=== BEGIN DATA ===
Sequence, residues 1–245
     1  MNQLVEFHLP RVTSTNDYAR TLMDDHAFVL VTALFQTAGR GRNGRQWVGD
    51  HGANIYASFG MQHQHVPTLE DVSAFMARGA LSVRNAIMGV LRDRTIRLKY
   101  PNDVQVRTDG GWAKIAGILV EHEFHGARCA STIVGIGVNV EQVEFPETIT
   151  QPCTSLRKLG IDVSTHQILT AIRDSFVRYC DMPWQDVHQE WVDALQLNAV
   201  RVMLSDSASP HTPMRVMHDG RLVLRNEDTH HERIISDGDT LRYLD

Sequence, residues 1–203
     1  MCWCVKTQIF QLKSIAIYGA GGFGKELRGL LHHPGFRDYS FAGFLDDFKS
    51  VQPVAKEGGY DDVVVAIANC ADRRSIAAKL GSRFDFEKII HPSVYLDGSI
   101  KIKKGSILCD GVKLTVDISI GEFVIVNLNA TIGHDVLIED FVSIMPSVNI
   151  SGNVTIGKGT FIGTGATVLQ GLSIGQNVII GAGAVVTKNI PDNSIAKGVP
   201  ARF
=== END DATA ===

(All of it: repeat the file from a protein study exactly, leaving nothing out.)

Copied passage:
Sequence, residues 1–245
     1  MNQLVEFHLP RVTSTNDYAR TLMDDHAFVL VTALFQTAGR GRNGRQWVGD
    51  HGANIYASFG MQHQHVPTLE DVSAFMARGA LSVRNAIMGV LRDRTIRLKY
   101  PNDVQVRTDG GWAKIAGILV EHEFHGARCA STIVGIGVNV EQVEFPETIT
   151  QPCTSLRKLG IDVSTHQILT AIRDSFVRYC DMPWQDVHQE WVDALQLNAV
   201  RVMLSDSASP HTPMRVMHDG RLVLRNEDTH HERIISDGDT LRYLD

Sequence, residues 1–203
     1  MCWCVKTQIF QLKSIAIYGA GGFGKELRGL LHHPGFRDYS FAGFLDDFKS
    51  VQPVAKEGGY DDVVVAIANC ADRRSIAAKL GSRFDFEKII HPSVYLDGSI
   101  KIKKGSILCD GVKLTVDISI GEFVIVNLNA TIGHDVLIED FVSIMPSVNI
   151  SGNVTIGKGT FIGTGATVLQ GLSIGQNVII GAGAVVTKNI PDNSIAKGVP
   201  ARF